Age limits – buying and drinking alcohol

This is a particularly complicated area, but these are the basic rules. The reason for them is to protect your health; if you are under 18, you are less able to cope, physically and emotionally, with the effects of alcohol (see here on the health effects of alcohol). Age limits for working with alcohol in bars and restaurants are set out here.

Throughout United Kingdom

If you are under 18, you cannot buy alcohol (from anywhere – bar, pub or off-licence).

Alcohol can be confiscated from you if you are drinking it in a public place.

England and Wales

If you are 16 or 17, you can drink beer, cider or wine with a meal at a table in a bar, hotel or restaurant, as long as you are with someone aged 18 or over.

If you are under 16, you can go into a pub or bar if you are with someone aged 18 or over (unless the pub itself has a different policy), but you cannot drink or be bought alcohol.

It is not illegal for parents to give alcohol to children in the home over the age of 5, but the Chief Medical Officer recommends that children should not drink alcohol until the age of 15, if at all.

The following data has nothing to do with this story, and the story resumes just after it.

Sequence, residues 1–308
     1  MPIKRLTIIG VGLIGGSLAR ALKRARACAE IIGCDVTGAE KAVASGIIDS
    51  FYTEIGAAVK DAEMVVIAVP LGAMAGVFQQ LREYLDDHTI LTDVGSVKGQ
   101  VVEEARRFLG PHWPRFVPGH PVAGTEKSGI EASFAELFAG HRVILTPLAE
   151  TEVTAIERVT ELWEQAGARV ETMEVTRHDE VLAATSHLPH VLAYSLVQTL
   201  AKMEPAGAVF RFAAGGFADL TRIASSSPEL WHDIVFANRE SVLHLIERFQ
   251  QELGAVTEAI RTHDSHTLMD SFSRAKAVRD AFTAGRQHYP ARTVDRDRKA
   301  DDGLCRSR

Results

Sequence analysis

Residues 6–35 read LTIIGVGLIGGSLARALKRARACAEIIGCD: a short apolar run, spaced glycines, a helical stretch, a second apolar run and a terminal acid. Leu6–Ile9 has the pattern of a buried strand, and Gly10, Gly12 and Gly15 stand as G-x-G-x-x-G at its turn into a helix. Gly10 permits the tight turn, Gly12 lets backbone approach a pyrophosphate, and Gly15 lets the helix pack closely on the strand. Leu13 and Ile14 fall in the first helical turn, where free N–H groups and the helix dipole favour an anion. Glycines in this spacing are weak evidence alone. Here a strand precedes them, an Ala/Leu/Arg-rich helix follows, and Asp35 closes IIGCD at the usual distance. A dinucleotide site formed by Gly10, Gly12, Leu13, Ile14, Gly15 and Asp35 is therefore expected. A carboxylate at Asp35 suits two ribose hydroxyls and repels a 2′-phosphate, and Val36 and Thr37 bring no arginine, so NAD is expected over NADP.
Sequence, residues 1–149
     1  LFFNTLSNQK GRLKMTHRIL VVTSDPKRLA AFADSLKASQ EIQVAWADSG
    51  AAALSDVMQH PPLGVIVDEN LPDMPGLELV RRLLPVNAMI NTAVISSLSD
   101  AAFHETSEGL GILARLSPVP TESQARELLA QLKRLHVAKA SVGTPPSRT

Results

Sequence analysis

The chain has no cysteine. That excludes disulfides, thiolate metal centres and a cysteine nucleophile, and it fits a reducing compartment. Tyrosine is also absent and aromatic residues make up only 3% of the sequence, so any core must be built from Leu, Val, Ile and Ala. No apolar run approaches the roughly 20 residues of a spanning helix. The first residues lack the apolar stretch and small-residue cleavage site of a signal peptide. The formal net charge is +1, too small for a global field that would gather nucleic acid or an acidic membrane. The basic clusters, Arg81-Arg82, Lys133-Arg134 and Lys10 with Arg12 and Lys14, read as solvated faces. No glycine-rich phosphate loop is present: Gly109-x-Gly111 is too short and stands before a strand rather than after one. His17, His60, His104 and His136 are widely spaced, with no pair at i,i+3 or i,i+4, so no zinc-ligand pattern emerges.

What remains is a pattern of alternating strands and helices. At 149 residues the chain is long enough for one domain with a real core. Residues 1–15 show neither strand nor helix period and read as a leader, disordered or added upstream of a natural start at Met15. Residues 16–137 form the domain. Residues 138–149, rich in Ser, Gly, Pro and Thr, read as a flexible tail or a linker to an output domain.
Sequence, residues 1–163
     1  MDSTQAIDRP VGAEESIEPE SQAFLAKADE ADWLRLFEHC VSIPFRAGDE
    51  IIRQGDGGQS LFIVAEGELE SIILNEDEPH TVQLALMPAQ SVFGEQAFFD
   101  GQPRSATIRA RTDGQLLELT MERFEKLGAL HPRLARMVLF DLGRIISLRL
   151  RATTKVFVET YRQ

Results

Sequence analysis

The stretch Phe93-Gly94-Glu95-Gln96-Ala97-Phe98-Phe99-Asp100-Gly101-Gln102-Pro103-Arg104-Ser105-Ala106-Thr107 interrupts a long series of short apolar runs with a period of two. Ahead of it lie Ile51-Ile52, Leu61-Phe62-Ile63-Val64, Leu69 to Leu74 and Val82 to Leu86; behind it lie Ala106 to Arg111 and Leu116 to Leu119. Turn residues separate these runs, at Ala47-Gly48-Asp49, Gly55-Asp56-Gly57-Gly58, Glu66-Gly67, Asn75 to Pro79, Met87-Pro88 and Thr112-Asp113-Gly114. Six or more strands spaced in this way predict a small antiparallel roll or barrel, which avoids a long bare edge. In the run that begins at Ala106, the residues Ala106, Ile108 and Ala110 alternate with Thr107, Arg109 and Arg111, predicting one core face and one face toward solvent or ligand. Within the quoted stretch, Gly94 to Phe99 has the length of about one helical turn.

Scotland

If you are 16 or 17, you can drink beer, wine, cider or perry with a meal at a table in a bar, hotel or restaurant.

Whether you are allowed in to a bar or pub and on what conditions will depend on the bar’s licence. The rules for the particular pub or bar should by law be set out in a Childrens and Young Persons Access Notice.

It is not illegal for parents to give alcohol to children in the home over the age of 5, but the Chief Medical Officer recommends that children should not drink alcohol until the age of 15, if at all.

Northern Ireland

Northern Ireland has the strictest rules in the UK.

If you are under 18, you are only allowed to drink alcohol in a private house; you are not allowed to go into a bar or the bar area of licensed premises unless it has a children’s certificate, you are with someone aged 18 or over and it is before 9pm.

It is illegal to give alcohol to children in the home if they are under 14, except for medicinal purposes.

The Northern Ireland Government Services page on young people and alcohol is here.

Challenge 25

This is a scheme that encourages anyone who is over 18 but looks under 25 to carry acceptable ID when they want to buy alcohol. More information about it can be found here.

Businesses face criminal charges if they make under-age alcohol sales so need to have an age-checking system. The age limit of 25 (even though the legal age limit is 18) allows businesses to challenge anyone who looks as though they might be under 18.

Find out more about forms of age ID here.

You might also be interested in our other pages on age limits:

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Understand age limits